Basic Postulates of Quantum Mechanics


A postulate is a statement that is assumed to be true without proof, whereas a theorem is a true statement that can be proven. The essence of quantum postulates is represented in this with a set of seven postulates. These postulates provide a connection between the physical world and the mathematical framework of quantum mechanics.

Postulates of Quantum Mechanics:

The basic postulates of quantum mechanics are –

i. Every physical system has an associated complex vector space with an inner product (Hilbert space) known as the state space of the system. A unit vector represents the physical system in the state space, this unit vector known as the state vector contains all the information that can be known about the system.

ii. `All observables (measurable properties) of a physical system are represented by Hermitian operators acting in the system’s state space. Any measurement performed on a quantum system necessarily involves some interaction between the insured obtaining a certain outcome the eigenvector of the operator with eigenvalue.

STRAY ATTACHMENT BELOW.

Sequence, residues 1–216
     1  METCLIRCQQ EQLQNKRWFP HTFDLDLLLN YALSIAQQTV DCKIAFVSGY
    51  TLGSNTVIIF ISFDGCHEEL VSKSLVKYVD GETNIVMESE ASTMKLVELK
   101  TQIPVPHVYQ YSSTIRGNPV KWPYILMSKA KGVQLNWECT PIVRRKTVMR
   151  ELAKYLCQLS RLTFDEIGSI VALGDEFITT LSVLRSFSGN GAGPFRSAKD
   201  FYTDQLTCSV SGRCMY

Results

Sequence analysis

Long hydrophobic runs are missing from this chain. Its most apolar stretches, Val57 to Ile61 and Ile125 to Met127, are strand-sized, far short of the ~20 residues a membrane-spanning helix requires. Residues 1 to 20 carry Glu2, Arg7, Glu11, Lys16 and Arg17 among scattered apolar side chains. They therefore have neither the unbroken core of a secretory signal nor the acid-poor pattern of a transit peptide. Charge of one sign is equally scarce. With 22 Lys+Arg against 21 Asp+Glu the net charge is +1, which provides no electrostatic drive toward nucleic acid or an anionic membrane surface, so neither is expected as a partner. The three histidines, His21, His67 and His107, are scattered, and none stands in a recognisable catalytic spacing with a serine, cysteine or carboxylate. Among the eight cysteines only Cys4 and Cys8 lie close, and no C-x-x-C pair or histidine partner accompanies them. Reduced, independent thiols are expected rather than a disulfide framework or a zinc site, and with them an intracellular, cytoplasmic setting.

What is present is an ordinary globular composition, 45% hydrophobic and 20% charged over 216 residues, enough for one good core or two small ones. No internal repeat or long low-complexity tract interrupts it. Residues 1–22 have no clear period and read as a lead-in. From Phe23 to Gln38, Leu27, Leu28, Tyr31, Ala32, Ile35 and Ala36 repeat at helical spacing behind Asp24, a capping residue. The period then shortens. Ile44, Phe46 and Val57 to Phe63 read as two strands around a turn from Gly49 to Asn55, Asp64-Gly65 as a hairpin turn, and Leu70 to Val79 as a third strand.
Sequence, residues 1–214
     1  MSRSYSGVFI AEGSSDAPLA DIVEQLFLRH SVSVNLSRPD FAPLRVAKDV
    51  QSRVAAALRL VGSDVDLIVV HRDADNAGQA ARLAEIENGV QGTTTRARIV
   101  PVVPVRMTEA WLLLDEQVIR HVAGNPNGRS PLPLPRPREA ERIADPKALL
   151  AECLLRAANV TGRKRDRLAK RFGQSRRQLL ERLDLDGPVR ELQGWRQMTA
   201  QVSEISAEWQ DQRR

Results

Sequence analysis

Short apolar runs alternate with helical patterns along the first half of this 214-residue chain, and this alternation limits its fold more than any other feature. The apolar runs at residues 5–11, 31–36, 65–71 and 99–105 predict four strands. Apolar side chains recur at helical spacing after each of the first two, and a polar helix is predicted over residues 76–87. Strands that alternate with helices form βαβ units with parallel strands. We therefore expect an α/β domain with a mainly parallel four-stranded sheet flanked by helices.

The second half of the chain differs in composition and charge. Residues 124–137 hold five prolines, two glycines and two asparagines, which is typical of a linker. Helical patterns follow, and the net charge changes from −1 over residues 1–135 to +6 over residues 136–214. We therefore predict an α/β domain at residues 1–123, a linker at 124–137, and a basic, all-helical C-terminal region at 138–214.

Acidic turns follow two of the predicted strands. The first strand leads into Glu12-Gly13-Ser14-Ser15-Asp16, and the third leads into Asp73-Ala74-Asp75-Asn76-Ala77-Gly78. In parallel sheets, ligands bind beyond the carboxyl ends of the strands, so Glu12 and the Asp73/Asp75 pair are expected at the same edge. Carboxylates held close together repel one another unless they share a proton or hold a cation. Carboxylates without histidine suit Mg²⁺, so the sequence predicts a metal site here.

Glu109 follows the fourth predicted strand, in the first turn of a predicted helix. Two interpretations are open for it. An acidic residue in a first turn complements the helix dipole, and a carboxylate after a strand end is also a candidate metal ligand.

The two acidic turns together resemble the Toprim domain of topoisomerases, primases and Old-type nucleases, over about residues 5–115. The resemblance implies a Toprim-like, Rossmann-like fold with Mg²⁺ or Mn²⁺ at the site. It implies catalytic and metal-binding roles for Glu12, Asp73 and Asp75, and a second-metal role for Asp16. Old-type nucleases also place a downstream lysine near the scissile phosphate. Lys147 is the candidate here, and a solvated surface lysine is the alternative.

iii. The probability of measuring an observable with eigenvalue in a quantum state is

where |a> is an eigenvector of the corresponding Hermitian operator with eigenvalue.

iv. Measurements in systems having the same state vector may not result in the same outcomes. Only the probabilities of various outcomes can be known.

v. The expectation value of a measurable quantity Q is defined as the average of values that is likely to be obtained if Q is measured on a large number of systems having the same state vector |u>. The expectation value is postulated to be


Provided <u|u>=1.

vi. The state space of a composite physical system is the tensor product of the state spaces of the component systems.

vii. The evolution of a quantum system in time is described by a unitary transformation.